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The American journal of clinical nutrition

Dual fortification of salt with iodine and iron: a randomized, double-blind, controlled trial of micronized ferric pyrophosphate and encapsulated ferrous fumarate in southern India.


PMID 18996875

Abstract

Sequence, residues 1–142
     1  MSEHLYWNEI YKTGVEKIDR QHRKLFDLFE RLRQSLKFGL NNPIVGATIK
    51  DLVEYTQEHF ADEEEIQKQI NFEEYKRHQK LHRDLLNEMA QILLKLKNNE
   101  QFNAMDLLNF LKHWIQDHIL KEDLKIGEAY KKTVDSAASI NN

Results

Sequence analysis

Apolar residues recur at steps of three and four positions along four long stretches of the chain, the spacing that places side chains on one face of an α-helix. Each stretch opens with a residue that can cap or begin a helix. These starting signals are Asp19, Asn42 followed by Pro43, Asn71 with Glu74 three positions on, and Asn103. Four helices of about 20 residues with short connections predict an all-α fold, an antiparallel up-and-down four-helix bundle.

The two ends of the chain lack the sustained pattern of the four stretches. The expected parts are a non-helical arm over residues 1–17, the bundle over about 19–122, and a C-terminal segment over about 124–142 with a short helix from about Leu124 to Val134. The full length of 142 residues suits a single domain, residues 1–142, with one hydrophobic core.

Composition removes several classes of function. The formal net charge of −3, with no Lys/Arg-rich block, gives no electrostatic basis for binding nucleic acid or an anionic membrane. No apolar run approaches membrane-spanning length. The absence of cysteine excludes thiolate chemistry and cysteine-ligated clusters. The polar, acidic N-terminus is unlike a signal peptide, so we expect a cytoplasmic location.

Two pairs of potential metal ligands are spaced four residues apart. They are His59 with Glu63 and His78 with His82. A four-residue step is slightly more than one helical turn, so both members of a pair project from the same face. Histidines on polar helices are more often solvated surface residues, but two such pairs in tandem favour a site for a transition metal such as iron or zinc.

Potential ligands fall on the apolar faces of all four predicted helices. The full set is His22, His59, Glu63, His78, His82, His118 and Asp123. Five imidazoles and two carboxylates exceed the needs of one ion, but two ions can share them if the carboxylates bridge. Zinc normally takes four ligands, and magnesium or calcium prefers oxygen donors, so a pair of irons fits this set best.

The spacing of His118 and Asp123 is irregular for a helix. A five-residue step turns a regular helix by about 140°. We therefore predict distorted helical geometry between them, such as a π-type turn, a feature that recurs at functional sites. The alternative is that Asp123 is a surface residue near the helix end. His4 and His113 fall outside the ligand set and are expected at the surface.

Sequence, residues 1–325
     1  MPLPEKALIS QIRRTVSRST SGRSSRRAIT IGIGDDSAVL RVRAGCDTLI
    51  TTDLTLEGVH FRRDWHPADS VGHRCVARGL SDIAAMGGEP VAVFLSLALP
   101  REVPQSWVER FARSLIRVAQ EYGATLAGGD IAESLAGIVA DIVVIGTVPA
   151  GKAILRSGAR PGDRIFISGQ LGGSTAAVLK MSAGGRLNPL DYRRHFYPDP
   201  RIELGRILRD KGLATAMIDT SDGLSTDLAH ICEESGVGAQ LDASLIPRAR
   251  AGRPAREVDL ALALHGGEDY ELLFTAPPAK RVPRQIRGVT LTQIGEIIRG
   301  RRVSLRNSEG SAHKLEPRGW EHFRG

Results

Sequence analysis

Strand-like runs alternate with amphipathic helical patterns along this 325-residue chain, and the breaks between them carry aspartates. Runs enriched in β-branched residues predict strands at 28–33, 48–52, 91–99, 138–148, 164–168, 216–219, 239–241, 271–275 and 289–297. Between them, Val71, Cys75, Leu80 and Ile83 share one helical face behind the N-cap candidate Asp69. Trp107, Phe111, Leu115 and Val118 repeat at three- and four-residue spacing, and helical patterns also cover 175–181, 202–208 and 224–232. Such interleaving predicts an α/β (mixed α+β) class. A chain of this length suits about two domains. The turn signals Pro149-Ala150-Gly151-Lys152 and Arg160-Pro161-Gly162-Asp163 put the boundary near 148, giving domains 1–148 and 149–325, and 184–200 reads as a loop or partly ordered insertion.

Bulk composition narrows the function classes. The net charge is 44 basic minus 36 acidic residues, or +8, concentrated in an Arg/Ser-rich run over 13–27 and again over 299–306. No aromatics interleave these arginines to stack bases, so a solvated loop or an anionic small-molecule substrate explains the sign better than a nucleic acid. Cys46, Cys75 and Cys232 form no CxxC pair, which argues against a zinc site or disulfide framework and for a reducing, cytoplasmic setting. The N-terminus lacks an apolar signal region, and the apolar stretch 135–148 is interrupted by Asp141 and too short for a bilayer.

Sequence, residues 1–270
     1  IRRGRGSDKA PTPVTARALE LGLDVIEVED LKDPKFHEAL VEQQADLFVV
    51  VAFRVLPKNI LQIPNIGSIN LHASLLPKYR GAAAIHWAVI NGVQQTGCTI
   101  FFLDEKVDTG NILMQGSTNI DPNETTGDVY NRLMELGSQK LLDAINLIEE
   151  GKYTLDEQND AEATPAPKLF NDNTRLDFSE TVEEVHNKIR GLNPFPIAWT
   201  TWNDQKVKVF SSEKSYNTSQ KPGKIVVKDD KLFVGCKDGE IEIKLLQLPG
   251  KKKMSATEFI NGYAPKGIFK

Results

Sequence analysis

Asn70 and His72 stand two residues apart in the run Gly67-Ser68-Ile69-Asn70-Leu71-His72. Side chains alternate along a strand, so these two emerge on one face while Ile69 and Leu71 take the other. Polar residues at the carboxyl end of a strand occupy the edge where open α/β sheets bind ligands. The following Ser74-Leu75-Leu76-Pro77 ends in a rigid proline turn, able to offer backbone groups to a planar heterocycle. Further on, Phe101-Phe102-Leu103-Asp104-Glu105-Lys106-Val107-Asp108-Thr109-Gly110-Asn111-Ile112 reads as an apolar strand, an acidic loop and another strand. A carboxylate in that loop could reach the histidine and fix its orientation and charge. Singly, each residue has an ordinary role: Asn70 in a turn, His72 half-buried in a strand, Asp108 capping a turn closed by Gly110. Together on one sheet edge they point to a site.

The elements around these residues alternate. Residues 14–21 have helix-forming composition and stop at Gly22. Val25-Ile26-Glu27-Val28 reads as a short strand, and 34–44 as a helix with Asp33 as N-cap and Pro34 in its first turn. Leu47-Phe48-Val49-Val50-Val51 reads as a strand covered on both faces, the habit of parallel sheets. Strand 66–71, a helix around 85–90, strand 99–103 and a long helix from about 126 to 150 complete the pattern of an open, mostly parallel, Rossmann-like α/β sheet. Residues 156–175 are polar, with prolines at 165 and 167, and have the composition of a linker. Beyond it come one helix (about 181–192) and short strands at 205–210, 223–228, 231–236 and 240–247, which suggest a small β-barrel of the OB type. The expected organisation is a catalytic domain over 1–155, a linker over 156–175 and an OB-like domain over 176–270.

Dual fortification of salt with iodine and iron could be a sustainable approach to combating iodine and iron deficiencies. We compared the efficacy of dual-fortified salt (DFS) made by using 2 proposed contrasting formulas-one fortifying with iron as micronized ground ferric pyrophosphate (MGFePP) and the other with iron as encapsulated ferrous fumarate (EFF)-with the efficacy of iodized salt (IS) in schoolchildren in rural southern India. After stability and acceptability testing, a double-blind, household-based intervention was conducted in 5-15-y-old children (n = 458) randomly assigned into 3 groups to receive IS or DFS with iron as MGFePP or EFF, both at 2 mg/g salt. We measured hemoglobin, iron status, and urinary iodine at baseline, 5 mo, and 10 mo. Median serum ferritin and calculated median body iron improved significantly in the 2 groups receiving iron. After 10 mo, the prevalence of anemia decreased from 16.8% to 7.7% in the MGFePP group (P < 0.05) and from 15.1% to 5.0% in the EFF group (P < 0.01). The median urinary iodine concentration increased significantly in the IS and EFF groups (P < 0.001) but not in the MGFePP group. Losses of iodine in salt with 1.8% moisture were high for MGFePP, whereas the EFF segregated in salt with 0.5% moisture and caused color changes in some local foods. Both DFSs were efficacious in reducing the prevalence of anemia and iron deficiency in school-age children. Local salt characteristics should be taken into consideration when choosing an iron fortificant for DFS to achieve optimal iodine stability and color.

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